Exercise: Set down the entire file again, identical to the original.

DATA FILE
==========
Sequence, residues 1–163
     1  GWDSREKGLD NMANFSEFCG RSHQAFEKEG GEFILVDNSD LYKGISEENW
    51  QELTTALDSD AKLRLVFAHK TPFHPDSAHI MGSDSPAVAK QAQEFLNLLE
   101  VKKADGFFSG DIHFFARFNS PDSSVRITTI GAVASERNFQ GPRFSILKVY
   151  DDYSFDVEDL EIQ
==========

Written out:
Sequence, residues 1–163
     1  GWDSREKGLD NMANFSEFCG RSHQAFEKEG GEFILVDNSD LYKGISEENW
    51  QELTTALDSD AKLRLVFAHK TPFHPDSAHI MGSDSPAVAK QAQEFLNLLE
   101  VKKADGFFSG DIHFFARFNS PDSSVRITTI GAVASERNFQ GPRFSILKVY
   151  DDYSFDVEDL EIQ